• One commented it would decarbonise Scotland's economy through offering affordable electricity and energy.

Expressions of support with calls to action

  • One respondent commented that there would need to be support at a policy level for the visions to be viable. Another supported the visions but noted there the need to consider the consequences to the environment and fishing industry.

Calls for specific timelines in relation to planning

  • Singular suggestions included: that the ScotWind leasing process would need to be delivered quickly and efficiently to meet targets; that new projects from leasing rounds beyond 2020 would be unlikely to contribute to achieving targets until the project timeline is significantly shortened; and, that ambitions and visions should be outlined up to 2045 as this would provide clarity about aligning with other policies.

Collaboration between industry and the Scottish Government

  • A respondent described the importance of floating wind being cost-competitive with other technologies, including offshore wind, by 2030 and suggested this could be achieved by utilising existing expertise in fixed offshore wind and the competence and experience from the oil and gas sector.
  • Another gave a detailed response proposing the creation of a publicly owned energy company. This response is discussed in the analysis of question 3. They suggested the creation of this company will require collaboration with the Scottish National Investment Bank to deliver an industrial policy for the offshore wind sector.

Other comments

Other singular comments not in the above themes included:

  • That the targets suggested in the vision were too ambitious too be met.
  • A suggestion that the vision should consider offshore wind farms built solely to produce hydrogen.
  • A recommendation that the OWPS is condensed into an outline vision for the future of offshore wind in Scotland and that issues requiring further consideration are set out in an accompanying "road map" outlining how the vision will be delivered.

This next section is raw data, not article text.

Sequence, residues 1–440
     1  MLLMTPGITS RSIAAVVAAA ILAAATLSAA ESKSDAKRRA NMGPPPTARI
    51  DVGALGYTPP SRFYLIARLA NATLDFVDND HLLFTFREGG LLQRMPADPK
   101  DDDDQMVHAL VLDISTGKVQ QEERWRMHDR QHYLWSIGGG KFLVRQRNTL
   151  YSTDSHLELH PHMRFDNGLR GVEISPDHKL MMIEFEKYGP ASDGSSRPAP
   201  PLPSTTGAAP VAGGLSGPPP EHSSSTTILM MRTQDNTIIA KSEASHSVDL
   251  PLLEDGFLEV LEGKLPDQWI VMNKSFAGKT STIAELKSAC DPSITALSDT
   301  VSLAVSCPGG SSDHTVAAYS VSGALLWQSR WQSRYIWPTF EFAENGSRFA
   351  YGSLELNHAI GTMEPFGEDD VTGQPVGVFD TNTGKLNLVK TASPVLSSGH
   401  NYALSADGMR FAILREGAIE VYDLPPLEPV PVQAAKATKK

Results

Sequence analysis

• Dissatisfaction with SG's consideration of the UK's Carbon Capture, Storage and Leak (CCS-LEAK) plans.

Q3: What actions do you believe should be taken by the Scottish Government, UK Government and agencies in order to realise the full potential of Scotland's offshore wind sector?


One highlighted opportunities for promoting the development of green hydrogen through the CfD regime, suggesting this would create further revenue. Another suggested fixed deep water (50+meter) sites should also be considered as eligible to support development in challenging locations that could be delivered by fixed, floating or hybrid solutions.

Supporting the Scottish supply chain

  • One trade union urged the SG to use the ScotWind Leasing process to reinforce commitments by developers and supply chain companies to recognise domestic trade unions, including those organising seafarers. They would like to see the Real Living Wage as the legal baseline for pay in the supply chain for all fixed and floating offshore wind farms in Scottish waters. One energy company stated that they supported the Scottish supply chain already and would continue to do so.